Once you have clearly established need for a specific Funding Opportunity Announcement (FOA) or grant application, it is time to determine a goal and develop measurable objectives.  For example, your need section has established that your targeted population is a small rural village with 500 people and neighboring vampires are picking off villagers at a rate of one per week (United States Department of Vampires 2010 report).  Your goals are to: 1. decrease the loss of villagers by; 2. increasing the number of vampire slayers to; 3. decrease the number of vampires.  (At this point I need for you to double-check your FOA and make sure the funding is actually for vampire elimination and not werewolf grooming and while this is a topic for another blog, it is also important here.)  As they should be, the goals are general and do not state how many villagers you plan to save; how many vampire slayers you plan to train; or how many vampires will each slayer slay.  Measurable objectives will now move into place and make or break your proposal (and ultimately, your village because they cannot last too long at that rate).

 It is impossible to develop a strong plan of operation or even a proper evaluation without objectives that can be measured.  Let’s write an objective for your first goal, which is to decrease the loss of villagers due to neighboring vampires.  We want this objective to be measurable and ambitious, but not overly ambitious.

 The following is an example of an objective that is not measurable:

 The Vanishing Vampires Project will significantly decrease the number of villagers picked off by neighboring bloodsuckers by the end of the funding period.  (Just how many is a “significant increase”?  If you chose to go this route, grant reviewers will award you 1 or possibly 2 points out of a possible 10 for showing up.)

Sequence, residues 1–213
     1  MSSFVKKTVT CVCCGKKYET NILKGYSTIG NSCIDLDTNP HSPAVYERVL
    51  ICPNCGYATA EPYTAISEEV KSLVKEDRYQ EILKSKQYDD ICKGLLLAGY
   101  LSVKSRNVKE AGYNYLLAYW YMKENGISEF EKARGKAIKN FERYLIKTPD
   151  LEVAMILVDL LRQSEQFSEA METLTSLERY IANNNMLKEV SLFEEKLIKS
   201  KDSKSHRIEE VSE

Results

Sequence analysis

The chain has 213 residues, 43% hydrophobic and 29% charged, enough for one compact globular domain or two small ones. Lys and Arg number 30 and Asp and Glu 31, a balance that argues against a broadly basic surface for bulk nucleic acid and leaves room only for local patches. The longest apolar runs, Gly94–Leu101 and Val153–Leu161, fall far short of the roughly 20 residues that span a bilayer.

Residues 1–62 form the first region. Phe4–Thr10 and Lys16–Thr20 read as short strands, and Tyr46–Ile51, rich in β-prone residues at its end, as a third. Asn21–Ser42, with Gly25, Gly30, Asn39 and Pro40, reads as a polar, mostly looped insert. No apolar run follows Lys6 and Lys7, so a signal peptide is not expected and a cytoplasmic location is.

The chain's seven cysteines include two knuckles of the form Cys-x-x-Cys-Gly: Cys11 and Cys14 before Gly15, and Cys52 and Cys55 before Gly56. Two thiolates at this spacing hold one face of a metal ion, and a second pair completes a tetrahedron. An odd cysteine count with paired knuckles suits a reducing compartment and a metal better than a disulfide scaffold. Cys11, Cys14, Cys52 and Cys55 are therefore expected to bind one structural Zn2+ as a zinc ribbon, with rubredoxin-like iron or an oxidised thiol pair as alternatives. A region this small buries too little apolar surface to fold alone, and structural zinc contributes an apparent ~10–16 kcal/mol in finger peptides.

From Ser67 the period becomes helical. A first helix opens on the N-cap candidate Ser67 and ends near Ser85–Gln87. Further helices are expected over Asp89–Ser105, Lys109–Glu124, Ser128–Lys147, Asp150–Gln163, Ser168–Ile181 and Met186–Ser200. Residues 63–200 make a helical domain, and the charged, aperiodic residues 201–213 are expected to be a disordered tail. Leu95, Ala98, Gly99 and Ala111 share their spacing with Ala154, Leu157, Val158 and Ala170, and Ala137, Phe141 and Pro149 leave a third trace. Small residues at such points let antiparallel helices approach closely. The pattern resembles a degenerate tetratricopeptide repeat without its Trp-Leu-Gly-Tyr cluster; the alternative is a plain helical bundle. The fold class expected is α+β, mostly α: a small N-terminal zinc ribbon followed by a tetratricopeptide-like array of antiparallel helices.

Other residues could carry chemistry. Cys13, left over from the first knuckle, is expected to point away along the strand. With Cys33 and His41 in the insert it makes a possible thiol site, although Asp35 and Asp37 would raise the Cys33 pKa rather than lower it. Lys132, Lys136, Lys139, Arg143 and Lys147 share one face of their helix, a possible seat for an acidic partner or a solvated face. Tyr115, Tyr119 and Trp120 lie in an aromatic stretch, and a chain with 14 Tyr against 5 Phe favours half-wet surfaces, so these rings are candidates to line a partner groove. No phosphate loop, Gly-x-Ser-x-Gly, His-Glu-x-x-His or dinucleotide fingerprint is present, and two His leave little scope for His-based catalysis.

The following is an example of an objective that is measurable but not ambitious:

The Vanishing Vampires Project will significantly decrease the number of villagers picked off by neighboring bloodsuckers by 2% by the end of the funding period.  (hmmm, bloodsuckers – 98, villagers – 2.  Not an impressive score.  It might net you 2 or 3 points with reviewers.)

 The following is an example of an objective that is measurable but probably overly-ambitious:

 The Vanishing Vampires Project will significantly decrease the number of villagers picked off by neighboring bloodsuckers by 100% by the end of the funding period.  (In order to sell this to the reviewer, you better have a very detailed plan of operation packed full of researched-based activities.)

 The following is an example that is measurable and ambitious:

 The Vanishing Vampires Project will significantly decrease the number of villagers picked off by neighboring bloodsuckers by 75% by the end of the first year of the funding period and 85% by the end of the funded project.

or

The Vanishing Vampires Project will significantly decrease the number of villagers picked off by neighboring bloodsuckers by 100 people the first year and 250 by the end of the funded project (just saved half the village and that should impress even the toughest reviewer, especially if you follow up with a researched plan of action — but that is another topic!).

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